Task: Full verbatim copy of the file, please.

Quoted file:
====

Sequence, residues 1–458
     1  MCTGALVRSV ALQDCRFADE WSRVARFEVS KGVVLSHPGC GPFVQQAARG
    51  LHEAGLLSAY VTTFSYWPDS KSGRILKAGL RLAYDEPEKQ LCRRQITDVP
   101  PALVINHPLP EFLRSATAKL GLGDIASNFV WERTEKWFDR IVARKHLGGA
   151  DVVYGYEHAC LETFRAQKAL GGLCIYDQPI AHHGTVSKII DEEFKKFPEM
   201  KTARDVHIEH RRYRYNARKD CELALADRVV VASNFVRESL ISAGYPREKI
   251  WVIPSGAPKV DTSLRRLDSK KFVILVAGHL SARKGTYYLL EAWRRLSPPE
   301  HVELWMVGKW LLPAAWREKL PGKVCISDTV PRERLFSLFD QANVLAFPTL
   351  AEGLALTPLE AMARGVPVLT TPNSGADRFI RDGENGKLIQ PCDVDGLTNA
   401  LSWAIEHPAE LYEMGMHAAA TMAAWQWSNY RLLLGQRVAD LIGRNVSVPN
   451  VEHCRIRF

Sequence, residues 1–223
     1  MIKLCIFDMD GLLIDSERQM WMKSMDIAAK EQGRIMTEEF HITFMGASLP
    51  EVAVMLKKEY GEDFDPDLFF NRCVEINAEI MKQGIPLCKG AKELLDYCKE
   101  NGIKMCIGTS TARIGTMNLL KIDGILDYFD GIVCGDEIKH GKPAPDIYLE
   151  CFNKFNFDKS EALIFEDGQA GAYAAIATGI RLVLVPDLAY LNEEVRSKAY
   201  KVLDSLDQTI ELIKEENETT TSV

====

Sequence, residues 1–458
     1  MCTGALVRSV ALQDCRFADE WSRVARFEVS KGVVLSHPGC GPFVQQAARG
    51  LHEAGLLSAY VTTFSYWPDS KSGRILKAGL RLAYDEPEKQ LCRRQITDVP
   101  PALVINHPLP EFLRSATAKL GLGDIASNFV WERTEKWFDR IVARKHLGGA
   151  DVVYGYEHAC LETFRAQKAL GGLCIYDQPI AHHGTVSKII DEEFKKFPEM
   201  KTARDVHIEH RRYRYNARKD CELALADRVV VASNFVRESL ISAGYPREKI
   251  WVIPSGAPKV DTSLRRLDSK KFVILVAGHL SARKGTYYLL EAWRRLSPPE
   301  HVELWMVGKW LLPAAWREKL PGKVCISDTV PRERLFSLFD QANVLAFPTL
   351  AEGLALTPLE AMARGVPVLT TPNSGADRFI RDGENGKLIQ PCDVDGLTNA
   401  LSWAIEHPAE LYEMGMHAAA TMAAWQWSNY RLLLGQRVAD LIGRNVSVPN
   451  VEHCRIRF

Sequence, residues 1–223
     1  MIKLCIFDMD GLLIDSERQM WMKSMDIAAK EQGRIMTEEF HITFMGASLP
    51  EVAVMLKKEY GEDFDPDLFF NRCVEINAEI MKQGIPLCKG AKELLDYCKE
   101  NGIKMCIGTS TARIGTMNLL KIDGILDYFD GIVCGDEIKH GKPAPDIYLE
   151  CFNKFNFDKS EALIFEDGQA GAYAAIATGI RLVLVPDLAY LNEEVRSKAY
   201  KVLDSLDQTI ELIKEENETT TSV